Florida A&M Marching Band Suspended Through 2013

Florida A&M’s president announced earlier today that he was suspending the school’s marching band through the 2012-13 academic year as a result of a hazing ritual that led to a student’s death in 2011.

“I think there is a period we should take that these measures are in place and we have addressed all the institutional issues,” the president of the Tallahassee school, James Ammons, said, adding that the band should stay off the field at least until a new band director is hired and antihazing rules have been adopted.

In addition to the suspension, eleven FAMU band members face felony hazing charges stemming from the death of drum major Robert Champion in November.

Authorities say Champion, 26, was badly beaten during the ritual which took place on a band bus after a football game in Orlando last November. He died within an hour of the attack.

“I was heavily influenced by the need to be respectful to Robert Champion’s family as well as the other victims,” Ammons said. “A young man lost his life, and others suffered serious injuries.”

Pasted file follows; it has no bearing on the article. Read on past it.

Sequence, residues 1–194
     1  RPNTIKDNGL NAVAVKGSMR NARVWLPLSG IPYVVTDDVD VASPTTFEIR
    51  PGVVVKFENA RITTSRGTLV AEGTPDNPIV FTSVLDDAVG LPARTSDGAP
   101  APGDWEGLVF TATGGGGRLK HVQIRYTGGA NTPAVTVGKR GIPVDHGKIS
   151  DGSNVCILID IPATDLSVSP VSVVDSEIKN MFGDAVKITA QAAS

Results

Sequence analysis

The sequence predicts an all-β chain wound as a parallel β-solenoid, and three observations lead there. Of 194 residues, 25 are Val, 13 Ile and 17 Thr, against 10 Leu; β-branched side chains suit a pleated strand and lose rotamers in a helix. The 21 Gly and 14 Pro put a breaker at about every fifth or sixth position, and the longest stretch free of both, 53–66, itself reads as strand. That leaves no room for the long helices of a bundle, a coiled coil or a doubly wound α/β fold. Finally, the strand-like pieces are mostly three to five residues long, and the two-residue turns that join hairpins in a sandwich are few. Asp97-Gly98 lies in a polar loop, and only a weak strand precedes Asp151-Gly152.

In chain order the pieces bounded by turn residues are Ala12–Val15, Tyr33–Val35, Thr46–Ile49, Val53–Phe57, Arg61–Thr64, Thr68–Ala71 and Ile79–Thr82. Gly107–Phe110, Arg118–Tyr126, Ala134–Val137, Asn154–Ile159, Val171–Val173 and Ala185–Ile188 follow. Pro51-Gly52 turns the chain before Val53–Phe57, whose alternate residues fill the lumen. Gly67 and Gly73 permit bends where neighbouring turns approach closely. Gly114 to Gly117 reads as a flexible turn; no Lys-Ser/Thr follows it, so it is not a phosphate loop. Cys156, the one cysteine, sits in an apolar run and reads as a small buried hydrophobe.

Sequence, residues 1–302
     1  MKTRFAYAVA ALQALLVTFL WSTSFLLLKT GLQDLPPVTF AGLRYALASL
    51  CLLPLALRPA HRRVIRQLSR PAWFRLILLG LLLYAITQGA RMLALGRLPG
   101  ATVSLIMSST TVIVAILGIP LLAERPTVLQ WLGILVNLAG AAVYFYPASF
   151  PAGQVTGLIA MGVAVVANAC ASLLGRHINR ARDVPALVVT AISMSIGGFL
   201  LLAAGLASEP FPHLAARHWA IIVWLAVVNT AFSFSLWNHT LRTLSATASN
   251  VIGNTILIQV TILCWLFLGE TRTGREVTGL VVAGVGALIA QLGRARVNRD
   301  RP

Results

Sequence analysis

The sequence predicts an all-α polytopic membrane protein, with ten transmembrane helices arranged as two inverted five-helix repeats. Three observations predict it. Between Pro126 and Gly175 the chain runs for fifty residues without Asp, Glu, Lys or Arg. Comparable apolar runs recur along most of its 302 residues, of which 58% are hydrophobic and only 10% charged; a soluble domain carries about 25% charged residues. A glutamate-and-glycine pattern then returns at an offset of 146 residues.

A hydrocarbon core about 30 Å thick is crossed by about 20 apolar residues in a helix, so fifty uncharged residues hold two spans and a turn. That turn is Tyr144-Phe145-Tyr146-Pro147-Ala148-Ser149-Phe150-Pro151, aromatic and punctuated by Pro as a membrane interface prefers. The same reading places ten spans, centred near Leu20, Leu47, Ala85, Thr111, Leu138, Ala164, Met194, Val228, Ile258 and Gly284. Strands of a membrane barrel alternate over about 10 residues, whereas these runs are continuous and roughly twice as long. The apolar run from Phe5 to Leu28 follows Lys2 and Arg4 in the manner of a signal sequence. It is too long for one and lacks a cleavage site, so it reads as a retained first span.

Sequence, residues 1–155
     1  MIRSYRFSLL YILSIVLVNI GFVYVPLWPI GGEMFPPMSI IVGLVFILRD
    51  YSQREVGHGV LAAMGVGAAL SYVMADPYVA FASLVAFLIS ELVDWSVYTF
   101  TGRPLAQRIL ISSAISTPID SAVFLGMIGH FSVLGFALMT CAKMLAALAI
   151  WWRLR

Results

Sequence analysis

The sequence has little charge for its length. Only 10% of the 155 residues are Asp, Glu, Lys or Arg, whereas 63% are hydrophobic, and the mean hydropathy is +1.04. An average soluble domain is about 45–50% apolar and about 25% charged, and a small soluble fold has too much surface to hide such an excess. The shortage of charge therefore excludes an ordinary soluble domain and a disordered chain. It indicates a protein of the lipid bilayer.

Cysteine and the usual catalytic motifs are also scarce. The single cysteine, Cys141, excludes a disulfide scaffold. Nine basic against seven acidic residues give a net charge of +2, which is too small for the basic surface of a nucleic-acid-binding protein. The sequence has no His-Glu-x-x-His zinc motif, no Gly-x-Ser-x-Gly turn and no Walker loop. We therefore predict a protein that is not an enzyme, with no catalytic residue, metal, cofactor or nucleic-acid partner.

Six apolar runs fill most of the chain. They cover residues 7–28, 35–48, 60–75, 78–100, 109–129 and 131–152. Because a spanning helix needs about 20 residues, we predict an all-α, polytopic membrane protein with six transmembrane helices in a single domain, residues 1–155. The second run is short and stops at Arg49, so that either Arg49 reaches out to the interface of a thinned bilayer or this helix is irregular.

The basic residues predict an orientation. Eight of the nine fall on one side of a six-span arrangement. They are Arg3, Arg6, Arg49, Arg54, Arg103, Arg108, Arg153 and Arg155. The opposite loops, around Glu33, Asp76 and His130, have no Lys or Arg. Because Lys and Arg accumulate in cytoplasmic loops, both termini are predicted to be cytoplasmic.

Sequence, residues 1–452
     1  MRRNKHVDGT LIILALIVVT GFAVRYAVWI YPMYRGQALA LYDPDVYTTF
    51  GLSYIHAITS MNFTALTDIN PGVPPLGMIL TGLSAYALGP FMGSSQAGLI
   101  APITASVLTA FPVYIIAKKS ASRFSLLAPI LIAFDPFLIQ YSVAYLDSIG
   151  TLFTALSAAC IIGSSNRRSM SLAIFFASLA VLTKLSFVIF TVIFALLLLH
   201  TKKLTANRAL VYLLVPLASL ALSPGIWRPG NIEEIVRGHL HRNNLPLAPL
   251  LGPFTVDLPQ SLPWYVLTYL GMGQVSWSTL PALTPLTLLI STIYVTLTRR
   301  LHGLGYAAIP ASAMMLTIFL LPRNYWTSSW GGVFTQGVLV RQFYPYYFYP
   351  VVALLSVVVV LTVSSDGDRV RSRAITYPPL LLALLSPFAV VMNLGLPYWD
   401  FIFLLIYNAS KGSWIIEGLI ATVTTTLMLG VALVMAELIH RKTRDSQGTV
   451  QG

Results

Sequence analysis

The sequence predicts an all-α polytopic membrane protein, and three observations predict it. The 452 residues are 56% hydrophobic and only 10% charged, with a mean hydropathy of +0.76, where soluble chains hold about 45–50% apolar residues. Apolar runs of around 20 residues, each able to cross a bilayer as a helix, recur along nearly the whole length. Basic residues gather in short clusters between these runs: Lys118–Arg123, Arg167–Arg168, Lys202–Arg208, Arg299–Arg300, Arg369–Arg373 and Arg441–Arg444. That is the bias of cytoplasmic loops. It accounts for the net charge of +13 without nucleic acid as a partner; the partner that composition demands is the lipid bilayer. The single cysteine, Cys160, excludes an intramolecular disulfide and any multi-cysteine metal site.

The NY Times reports that since Mr. Champion’s death, FAMU and its marching band have come under increasing scrutiny.

Soon after the charges were announced, the university revealed that at least two of the band members charged with felonies did not attend the university and of the March 100’s 400-plus members, more than 100 were not even students when the hazing ritual occurred.

The Champion family has already told FAMU they plan to sue the university.

“The family is a huge supporter of the band and the institution of FAMU, but they have grave concerns about the safety of students in that band, due to the lack of rules and regulations, supervision and oversight,” Chris Chestnut, an attorney for the Champion family, said.

CNN has more on Robert Champion and the Florida A&M Marching Band hazing incident in the video below:

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